Security has always been the evil brother of ease of use.
I think one of the hardest parts of transitioning to browser-based applications for traditional .NET developers is the strict sandboxing called “Same-Origin policy” that browsers employ to prevent the loss of data confidentiality or integrity. It is certainly a topic that I am often asked about. This post covers the reason behind this security precaution, the sandbox limits, and finally how a web service can successfully support cross-site requests.
Too bad if you are building a web service that must be consumed by client side applications hosted on two different authorities or if you want your resource to be publically available to client side applications, right? Nope, there’s a W3C specification for that: Cross-Origin Resource Sharing (CORS) that supported by all modern browsers (and partially by IE9 as well).
Specifically the web page would issue a request like the following (simplified), expecting the server to respond with JSON serialized weather data in the response body.
GET /geo/N42.691966E27.7124523 HTTP/1.1 Host: api.weather.com Accept: application/json Referer: [https://www.sunnybeach.com/index.html](https://www.sunnybeach.com/index.html) Origin: [https://www](https://www/).sunnybeach.com
However, the browser automatically first sends a pre-flight CORS request to the server like this:
OPTIONS / geo/N42.691966E27.7124523 HTTP/1.1 Host: api.weather.com Accept: application/json Origin: [https://www.sunnybeach.com](https://www.sunnybeach.com/) Access-Control-Request-Method: GET
The web service must process the OPTIONS request and construct a response like the following:
HTTP/1.1 200 OK Date: Mon, 15 Sep 2014 01:15:39 GMT Access-Control-Allow-Origin: [https://www.sunnybeach.com](https://www.sunnybeach.com/) Access-Control-Allow-Methods: GET, OPTIONS Content-Length: 0
The browser automatically processes the response and checks if the authority of the page exists in the Access-Control-Allow-Origin response header, and if the method of the request to issue (GET) is in the Access-Control-Allow-Methods header. If one of those does not match, the browser simply cancels the GET request because the server-side did not specifically permit that request. But if all is good, the browser finally issues the GET request.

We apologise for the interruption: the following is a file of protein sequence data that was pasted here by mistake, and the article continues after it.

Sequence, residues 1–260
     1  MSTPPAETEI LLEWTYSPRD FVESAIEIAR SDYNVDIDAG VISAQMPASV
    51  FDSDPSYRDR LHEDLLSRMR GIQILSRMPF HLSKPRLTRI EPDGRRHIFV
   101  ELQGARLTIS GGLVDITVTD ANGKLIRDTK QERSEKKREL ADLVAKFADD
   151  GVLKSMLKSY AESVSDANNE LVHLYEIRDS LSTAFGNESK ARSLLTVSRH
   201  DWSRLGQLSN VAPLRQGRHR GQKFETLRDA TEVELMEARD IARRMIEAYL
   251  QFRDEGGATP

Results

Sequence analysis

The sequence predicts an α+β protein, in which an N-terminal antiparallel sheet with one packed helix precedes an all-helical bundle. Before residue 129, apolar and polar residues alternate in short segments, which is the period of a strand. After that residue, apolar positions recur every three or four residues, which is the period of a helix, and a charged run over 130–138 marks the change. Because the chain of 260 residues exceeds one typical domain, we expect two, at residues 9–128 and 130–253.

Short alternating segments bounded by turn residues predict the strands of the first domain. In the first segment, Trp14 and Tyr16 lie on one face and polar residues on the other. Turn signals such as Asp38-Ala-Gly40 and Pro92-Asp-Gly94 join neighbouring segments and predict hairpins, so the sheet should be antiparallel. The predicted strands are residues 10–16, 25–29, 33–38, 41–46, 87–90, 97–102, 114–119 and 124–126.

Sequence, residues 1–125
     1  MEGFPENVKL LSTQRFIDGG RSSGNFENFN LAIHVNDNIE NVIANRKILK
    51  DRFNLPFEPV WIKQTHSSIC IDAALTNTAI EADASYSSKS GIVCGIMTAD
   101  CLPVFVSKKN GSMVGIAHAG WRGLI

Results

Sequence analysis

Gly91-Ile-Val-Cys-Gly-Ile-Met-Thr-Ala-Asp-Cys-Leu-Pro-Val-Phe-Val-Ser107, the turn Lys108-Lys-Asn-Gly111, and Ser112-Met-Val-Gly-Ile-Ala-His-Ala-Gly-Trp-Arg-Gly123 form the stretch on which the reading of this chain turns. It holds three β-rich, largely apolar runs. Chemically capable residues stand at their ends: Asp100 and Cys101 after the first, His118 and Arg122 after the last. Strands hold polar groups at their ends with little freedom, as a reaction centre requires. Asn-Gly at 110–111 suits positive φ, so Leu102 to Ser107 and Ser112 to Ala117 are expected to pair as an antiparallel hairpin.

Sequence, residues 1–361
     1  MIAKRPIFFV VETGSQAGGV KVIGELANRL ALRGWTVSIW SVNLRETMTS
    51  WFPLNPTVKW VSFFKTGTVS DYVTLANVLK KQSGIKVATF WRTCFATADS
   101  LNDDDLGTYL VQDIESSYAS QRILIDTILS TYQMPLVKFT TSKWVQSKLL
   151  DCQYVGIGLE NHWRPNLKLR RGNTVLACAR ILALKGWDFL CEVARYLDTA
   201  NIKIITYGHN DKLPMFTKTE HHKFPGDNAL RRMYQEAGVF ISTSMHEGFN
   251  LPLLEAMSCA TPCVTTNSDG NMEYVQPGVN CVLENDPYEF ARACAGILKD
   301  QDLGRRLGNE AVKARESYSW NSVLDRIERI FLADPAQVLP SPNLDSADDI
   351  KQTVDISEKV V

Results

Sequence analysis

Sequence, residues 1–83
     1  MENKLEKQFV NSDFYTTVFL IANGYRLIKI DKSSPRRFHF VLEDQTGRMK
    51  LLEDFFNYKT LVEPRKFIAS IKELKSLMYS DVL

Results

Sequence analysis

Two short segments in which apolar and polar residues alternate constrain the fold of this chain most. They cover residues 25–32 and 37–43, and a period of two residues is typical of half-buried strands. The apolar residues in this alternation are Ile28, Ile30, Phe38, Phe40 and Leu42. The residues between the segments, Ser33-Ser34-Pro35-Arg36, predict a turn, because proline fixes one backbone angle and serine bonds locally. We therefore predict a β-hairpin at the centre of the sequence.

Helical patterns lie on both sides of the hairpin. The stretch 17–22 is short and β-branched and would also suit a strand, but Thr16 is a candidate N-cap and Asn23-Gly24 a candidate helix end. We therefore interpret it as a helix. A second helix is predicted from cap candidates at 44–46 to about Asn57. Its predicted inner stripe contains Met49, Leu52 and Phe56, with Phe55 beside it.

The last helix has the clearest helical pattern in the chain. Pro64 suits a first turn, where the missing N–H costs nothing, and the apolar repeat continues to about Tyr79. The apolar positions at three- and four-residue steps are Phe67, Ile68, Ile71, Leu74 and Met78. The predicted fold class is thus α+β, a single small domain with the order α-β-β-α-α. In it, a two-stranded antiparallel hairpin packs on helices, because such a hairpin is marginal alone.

While the browser enforces CORS automatically, the server must specifically implement it. Default ASP.NET Web API rejects CORS requests altogether. However, it is supported in Web API 2.0 and there is a great NuGet package available that takes care of responding to OPTIONS requests.
Note that there are more Access-Control-Allow-… headers to take care of than in the naïve example above. Things like authentication, custom HTTP headers and caching tend to complicates things.
In a development environment you will find Eric Lawrence’s Fiddler to be helpful in monitoring the preflight requests. Another developer tip is to close all instances of Chrome and start it again with the command line parameter –disable-web-security it will then allow all CORS requests without issuing the preflight requests (careful!).
There is a good list of tips for secure CORS implementation at OWASP.
As I noted in the beginning, this Same-Origin policy is only enforced in the browser. So a common workaround is to proxy calls to different sites in a web service right next to the web page. Specifically SharePoint does not allow CORS requests, but Apps can leverage the web proxy approach to request external resources.
Thank you for reading this post. Please let me know if you found the article interesting, or if you have any questions regarding the topic by leaving a comment below.